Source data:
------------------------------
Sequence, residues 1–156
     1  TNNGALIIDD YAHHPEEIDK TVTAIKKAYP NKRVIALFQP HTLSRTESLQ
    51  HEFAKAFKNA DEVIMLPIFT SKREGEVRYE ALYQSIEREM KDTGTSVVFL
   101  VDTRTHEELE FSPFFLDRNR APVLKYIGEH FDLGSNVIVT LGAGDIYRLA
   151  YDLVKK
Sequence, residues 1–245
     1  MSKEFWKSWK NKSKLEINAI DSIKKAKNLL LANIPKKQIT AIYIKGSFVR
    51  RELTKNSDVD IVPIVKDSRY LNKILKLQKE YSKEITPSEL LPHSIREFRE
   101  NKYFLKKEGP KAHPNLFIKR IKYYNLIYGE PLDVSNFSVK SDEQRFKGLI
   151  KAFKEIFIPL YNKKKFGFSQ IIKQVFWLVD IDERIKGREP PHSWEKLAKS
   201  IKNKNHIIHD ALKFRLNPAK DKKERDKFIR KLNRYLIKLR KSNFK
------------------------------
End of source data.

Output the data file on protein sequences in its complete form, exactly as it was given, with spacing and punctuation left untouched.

Sequence, residues 1–156
     1  TNNGALIIDD YAHHPEEIDK TVTAIKKAYP NKRVIALFQP HTLSRTESLQ
    51  HEFAKAFKNA DEVIMLPIFT SKREGEVRYE ALYQSIEREM KDTGTSVVFL
   101  VDTRTHEELE FSPFFLDRNR APVLKYIGEH FDLGSNVIVT LGAGDIYRLA
   151  YDLVKK
Sequence, residues 1–245
     1  MSKEFWKSWK NKSKLEINAI DSIKKAKNLL LANIPKKQIT AIYIKGSFVR
    51  RELTKNSDVD IVPIVKDSRY LNKILKLQKE YSKEITPSEL LPHSIREFRE
   101  NKYFLKKEGP KAHPNLFIKR IKYYNLIYGE PLDVSNFSVK SDEQRFKGLI
   151  KAFKEIFIPL YNKKKFGFSQ IIKQVFWLVD IDERIKGREP PHSWEKLAKS
   201  IKNKNHIIHD ALKFRLNPAK DKKERDKFIR KLNRYLIKLR KSNFK